Defining Faces: 20th Century Portrait Drawings at the Barber Institute of Fine Arts

The Barber Institute of Fine Arts is situated in the University of Birmingham’s Edgbaston campus and has collaborated with the National Portrait Gallery in London to create their new exhibition, Defining Faces: 20th Century Portrait Drawings which runs until the 26th August.
The exhibition is co-curated by postgraduate University of Birmingham History of Art students and is comprised of a series of preliminary drawings and sketches of prominent British figures.
I personally enjoy the aesthetics of ink and pencil so the exhibition is a refreshing break from the more traditional paintings exhibited elsewhere in the Barber. It is also fascinating to see the ways in which drawings can progress and to see the working mindset of the artist through these initial sketches. Big names include Oscar Kokoschka and Hans Schwarz, a personal favourite.
Percy Wyndham Lewis' portrait, 'Froanna', 1940. Photograph taken from the Barber website.

Percy Wyndham Lewis’ portrait, ‘Froanna’, 1940. Photograph taken from the Barber website.

An aspect of the exhibition that I was disappointed with was the information accompanying each drawing. Alongside useful biographical information about the depicted figures was rather a lot of art speak that reminded me of a humorous article in the guardian that I read a few months ago.
The captions in Defining Faces included sentences such as this: ‘the artist suggests something of the sitter’s inner world using apparently random lines and shading’. I have two problems with captions like this. The first is that they don’t really say anything, making the captions long-winded and taking important viewing time away from the pictures themselves.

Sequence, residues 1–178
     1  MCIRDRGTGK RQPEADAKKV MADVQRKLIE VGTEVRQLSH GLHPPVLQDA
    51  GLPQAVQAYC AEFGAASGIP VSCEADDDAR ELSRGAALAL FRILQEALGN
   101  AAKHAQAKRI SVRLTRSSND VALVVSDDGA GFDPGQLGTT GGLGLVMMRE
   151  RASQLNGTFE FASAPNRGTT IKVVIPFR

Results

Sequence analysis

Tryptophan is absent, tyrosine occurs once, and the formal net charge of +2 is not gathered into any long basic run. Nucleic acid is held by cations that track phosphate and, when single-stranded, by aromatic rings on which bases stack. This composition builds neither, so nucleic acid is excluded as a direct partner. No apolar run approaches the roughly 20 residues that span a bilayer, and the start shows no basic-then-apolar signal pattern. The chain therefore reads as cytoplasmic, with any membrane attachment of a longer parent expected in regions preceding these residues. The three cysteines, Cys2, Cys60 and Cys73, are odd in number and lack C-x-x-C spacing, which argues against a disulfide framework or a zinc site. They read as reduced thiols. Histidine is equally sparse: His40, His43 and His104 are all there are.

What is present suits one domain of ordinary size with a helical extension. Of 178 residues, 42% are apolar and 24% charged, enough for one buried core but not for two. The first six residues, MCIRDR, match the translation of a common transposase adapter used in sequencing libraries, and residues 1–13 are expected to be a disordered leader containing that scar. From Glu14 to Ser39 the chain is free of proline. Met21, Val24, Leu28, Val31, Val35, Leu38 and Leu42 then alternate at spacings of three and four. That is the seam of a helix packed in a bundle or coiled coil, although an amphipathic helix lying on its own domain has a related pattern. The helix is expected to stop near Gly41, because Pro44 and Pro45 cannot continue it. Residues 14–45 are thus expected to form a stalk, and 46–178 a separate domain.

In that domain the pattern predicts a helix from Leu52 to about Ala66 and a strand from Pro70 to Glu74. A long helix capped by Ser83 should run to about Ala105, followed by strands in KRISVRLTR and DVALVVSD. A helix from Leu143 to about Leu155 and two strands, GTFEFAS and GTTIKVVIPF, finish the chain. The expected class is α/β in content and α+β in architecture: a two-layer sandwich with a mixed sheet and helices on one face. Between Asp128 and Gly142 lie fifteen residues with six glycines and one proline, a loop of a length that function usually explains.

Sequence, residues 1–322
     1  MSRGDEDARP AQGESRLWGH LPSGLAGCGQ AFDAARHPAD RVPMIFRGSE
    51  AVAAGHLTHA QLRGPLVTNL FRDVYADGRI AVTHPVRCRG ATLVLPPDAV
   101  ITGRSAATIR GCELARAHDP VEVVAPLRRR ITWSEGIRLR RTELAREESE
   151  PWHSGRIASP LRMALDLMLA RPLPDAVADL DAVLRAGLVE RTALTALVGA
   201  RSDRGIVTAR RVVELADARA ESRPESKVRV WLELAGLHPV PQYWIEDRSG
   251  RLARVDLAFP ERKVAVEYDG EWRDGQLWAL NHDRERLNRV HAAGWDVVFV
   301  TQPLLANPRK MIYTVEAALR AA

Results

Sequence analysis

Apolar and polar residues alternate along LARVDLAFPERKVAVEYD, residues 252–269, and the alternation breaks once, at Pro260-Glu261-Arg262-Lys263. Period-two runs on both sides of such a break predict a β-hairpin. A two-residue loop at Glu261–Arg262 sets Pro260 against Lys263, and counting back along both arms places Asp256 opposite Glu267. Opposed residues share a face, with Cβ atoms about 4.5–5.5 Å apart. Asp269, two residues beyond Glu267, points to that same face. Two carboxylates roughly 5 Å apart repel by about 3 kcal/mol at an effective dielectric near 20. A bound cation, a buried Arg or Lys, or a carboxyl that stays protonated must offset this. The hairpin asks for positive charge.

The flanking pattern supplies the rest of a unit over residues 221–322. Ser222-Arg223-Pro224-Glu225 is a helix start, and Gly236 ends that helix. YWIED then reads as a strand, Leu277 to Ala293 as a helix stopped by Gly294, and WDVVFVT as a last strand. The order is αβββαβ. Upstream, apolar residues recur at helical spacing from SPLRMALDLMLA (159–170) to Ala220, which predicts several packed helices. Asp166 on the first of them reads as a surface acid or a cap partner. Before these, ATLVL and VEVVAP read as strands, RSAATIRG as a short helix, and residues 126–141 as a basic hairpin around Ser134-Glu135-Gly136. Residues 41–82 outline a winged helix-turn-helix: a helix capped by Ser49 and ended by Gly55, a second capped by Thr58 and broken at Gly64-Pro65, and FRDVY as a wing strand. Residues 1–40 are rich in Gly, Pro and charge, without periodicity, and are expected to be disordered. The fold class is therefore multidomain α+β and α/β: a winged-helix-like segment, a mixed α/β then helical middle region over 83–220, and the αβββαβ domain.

Secondly they tell the viewer what to think. When visiting a gallery a visitor may respect the authority of such captions but I personally think that, save for a few factual details, no extra information, or in fact opinions, should be put alongside an image.
Tom Phillips' portrait of Richard Edward Morphet, 1972/3. Photo taken from the Barber website

Tom Phillips’ portrait of Richard Edward Morphet, 1972/3. Photo taken from the Barber website

To sum, I really enjoyed the concept of the exhibition and it was a nice change to see some drawings and rough workings that are usually hidden away. If you are going to see this exhibition (which I do think you should!) my advice would be to not pay too much attention to the captions. I know that I had more fun once I had tired of reading and instead spent the other half of the exhibition looking at the drawings themselves in detail.

You can find out more information about the exhibition here.

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